* People don't talk about drugs even if they do them. Similar to elsewhere, but more severe. Apparently many of the population are extremely sensitive about this, due to what I can only imagine is an ingrained sense that breaking rules is wrong (“unconscionable”) and you cannot question the rule's basis. If you even mention drugs, people will stop talking to you and you'll have no friends.



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Six friends and many wasted hours later, I have Internet!

Posted at age 25.

It has been a long road thus far to get decent Internet here in Tokyo. I thought Japan was technologically advanced, but no more.

I spent my first month at a temporary place I found on Airbnb, and prior to booking, I asked the host if he could do a speed measurement on his Internet connection. Instead of doing that, he responded, "The internet connection of here is optical fiber broad band one." Well, it turned out to be fast enough, but not as fast as that "optical fiber" made it sound. My connection there was around 10 megabits down and 2-5 up. Not horrible, for sure. The main problem there is the Internet would cut out periodically, and at least once a day I would have to power down the modem and router to troubleshoot. I really looked forward to getting an actual apartment and my own Internet service!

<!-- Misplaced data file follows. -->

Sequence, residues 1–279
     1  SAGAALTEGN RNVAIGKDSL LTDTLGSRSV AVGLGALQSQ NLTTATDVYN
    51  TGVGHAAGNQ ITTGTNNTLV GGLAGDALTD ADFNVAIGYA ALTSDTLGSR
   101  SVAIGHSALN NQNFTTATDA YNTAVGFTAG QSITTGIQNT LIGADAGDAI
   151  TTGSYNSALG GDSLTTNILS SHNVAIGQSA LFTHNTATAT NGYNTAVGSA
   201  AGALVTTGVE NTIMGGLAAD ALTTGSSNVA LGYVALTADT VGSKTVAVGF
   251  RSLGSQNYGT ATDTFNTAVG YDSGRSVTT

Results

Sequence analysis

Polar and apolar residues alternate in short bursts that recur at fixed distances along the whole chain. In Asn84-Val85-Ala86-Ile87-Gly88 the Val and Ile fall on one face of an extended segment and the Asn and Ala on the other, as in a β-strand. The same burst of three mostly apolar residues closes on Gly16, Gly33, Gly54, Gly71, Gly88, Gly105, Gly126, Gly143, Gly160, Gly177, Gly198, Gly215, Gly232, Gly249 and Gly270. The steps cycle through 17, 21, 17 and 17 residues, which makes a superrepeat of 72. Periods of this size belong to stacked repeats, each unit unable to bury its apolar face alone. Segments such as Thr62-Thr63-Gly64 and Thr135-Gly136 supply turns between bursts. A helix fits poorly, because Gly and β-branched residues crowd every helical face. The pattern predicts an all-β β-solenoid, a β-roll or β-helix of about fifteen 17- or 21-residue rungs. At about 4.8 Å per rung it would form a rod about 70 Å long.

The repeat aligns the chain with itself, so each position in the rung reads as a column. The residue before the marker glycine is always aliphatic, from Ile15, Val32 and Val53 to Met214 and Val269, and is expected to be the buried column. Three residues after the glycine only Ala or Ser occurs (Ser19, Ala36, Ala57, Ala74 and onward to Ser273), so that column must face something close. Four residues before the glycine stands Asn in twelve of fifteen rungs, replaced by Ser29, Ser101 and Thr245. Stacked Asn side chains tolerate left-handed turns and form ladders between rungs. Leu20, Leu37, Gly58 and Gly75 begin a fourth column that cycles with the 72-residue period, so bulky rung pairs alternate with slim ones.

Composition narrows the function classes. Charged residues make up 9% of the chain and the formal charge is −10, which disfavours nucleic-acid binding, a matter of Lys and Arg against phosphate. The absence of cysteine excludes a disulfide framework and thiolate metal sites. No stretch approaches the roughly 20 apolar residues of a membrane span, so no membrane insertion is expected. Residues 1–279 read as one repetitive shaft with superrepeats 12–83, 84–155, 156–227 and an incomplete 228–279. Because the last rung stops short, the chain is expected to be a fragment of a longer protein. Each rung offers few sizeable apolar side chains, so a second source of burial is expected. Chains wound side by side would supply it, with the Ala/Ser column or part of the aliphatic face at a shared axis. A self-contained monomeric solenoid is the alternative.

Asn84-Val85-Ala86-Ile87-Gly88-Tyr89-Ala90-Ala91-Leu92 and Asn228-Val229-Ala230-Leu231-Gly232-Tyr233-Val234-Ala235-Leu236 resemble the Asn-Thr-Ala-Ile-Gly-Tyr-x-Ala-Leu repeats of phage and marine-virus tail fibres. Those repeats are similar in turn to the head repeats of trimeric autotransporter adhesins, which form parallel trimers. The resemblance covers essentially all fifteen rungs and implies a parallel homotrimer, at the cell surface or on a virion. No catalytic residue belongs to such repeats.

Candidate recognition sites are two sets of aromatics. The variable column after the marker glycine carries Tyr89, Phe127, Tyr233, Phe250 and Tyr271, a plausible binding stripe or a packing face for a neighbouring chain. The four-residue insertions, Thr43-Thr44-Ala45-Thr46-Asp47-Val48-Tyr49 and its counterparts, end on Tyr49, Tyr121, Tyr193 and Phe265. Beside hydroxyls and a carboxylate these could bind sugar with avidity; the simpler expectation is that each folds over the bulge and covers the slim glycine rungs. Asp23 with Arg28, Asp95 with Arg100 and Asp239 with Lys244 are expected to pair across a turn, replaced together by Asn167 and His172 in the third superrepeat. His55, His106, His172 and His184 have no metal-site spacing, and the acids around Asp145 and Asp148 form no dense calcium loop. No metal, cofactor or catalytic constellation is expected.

A plastic cable the Internet installation people used to try to get the fiber optic cable to pull through wherever it comes from

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Saying goodbye, for now

Posted at age 25.

Wednesday, we got up a bit earlier, skipping breakfast at the hotel and heading to the Tsukiji fish market instead. Nob said he likes to eat breakfast near the market because the fish is fresh and cheap, so we were going to try that out. And we also wanted to see the market, even if we didn’t get there early enough to see some fish auction action.